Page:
Angel Funding Rivaling Venture Investments By Picking Up Slack in Early-Stage Ventures, But Slowdown is Foreseen

10/29/07Follow @bbuderi

A growing body of professional angel investor organizations poured $11.9 billion into 24,000 deals in the first half of 2007, not too far off the 14.5 billion invested by venture firms. A large portion of the angel funds went into early stage ventures, partially filling a hole left by larger venture funds, which have increasingly been investing in later-stage companies.

That’s the take-home message in a nice piece by Rob Weisman in today’s Boston Globe summing up the angel trends, which draws largely on gathered by the Center for Venture Research at the University of New Hampshire’s Whittemore School of Business and Economics. Center director Jeffrey Sohl presented the findings at last week’s Northeast Regional Angel Investor Conference in Portsmouth, NH.

Angel deals typically run under $1 million, compared with somewhere between $2 million and $10 million for venture deals, the article states. “We’re individuals who can be very flexible in seeding deals,” said George McQuilken, who co-founded conference host, the eCoast Angel Network. “We can invest in your pizza parlor if we want to. We can invest in lunatic ideas.” (Xconomy is funded by angel investors, led by Lexington-MA-based CommonAngels, which does not invest in lunatic ideas…right?)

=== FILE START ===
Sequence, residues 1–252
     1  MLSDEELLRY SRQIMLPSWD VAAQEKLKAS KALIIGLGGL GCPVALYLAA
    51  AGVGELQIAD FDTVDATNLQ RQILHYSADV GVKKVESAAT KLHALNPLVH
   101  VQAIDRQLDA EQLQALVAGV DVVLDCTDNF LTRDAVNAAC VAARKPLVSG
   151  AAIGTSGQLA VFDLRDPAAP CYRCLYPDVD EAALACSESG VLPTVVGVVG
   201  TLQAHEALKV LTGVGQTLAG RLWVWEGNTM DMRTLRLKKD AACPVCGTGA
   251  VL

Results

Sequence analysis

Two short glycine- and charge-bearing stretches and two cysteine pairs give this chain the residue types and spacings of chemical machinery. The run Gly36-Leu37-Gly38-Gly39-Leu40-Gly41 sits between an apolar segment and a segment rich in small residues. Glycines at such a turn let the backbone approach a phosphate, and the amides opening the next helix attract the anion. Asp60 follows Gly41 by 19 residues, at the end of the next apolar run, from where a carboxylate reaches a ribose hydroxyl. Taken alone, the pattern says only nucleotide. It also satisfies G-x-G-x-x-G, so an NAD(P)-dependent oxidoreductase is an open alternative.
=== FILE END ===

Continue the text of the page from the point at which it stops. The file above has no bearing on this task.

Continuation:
An interesting trend highlighted in the Center for Venture Research data is that angel investments will likely tail off slightly this year. They’re on pace to hit $24 billion, down from $25.6 billion last year. The top area of angel investment was healthcare services/medical devices/equipment, which received 22 percent of angel funds in the year’s first half, according to a center press release. Next up was software (14 percent) and biotechnology (10 percent).

Here’s a link to the Center for Venture Research’s summary data for the first two quarters of 2007.

Bob is Xconomy's founder and editor in chief. You can e-mail him at bbuderi@xconomy.com, call him at 617.500.5926. Follow @bbuderi

By posting a comment, you agree to our terms and conditions.

  • George McQuilken

    Among the “lunatic” ideas that Angels funded are Google, Myspace, and Facebook. If this be lunacy, I’ll partake and risk your scorn.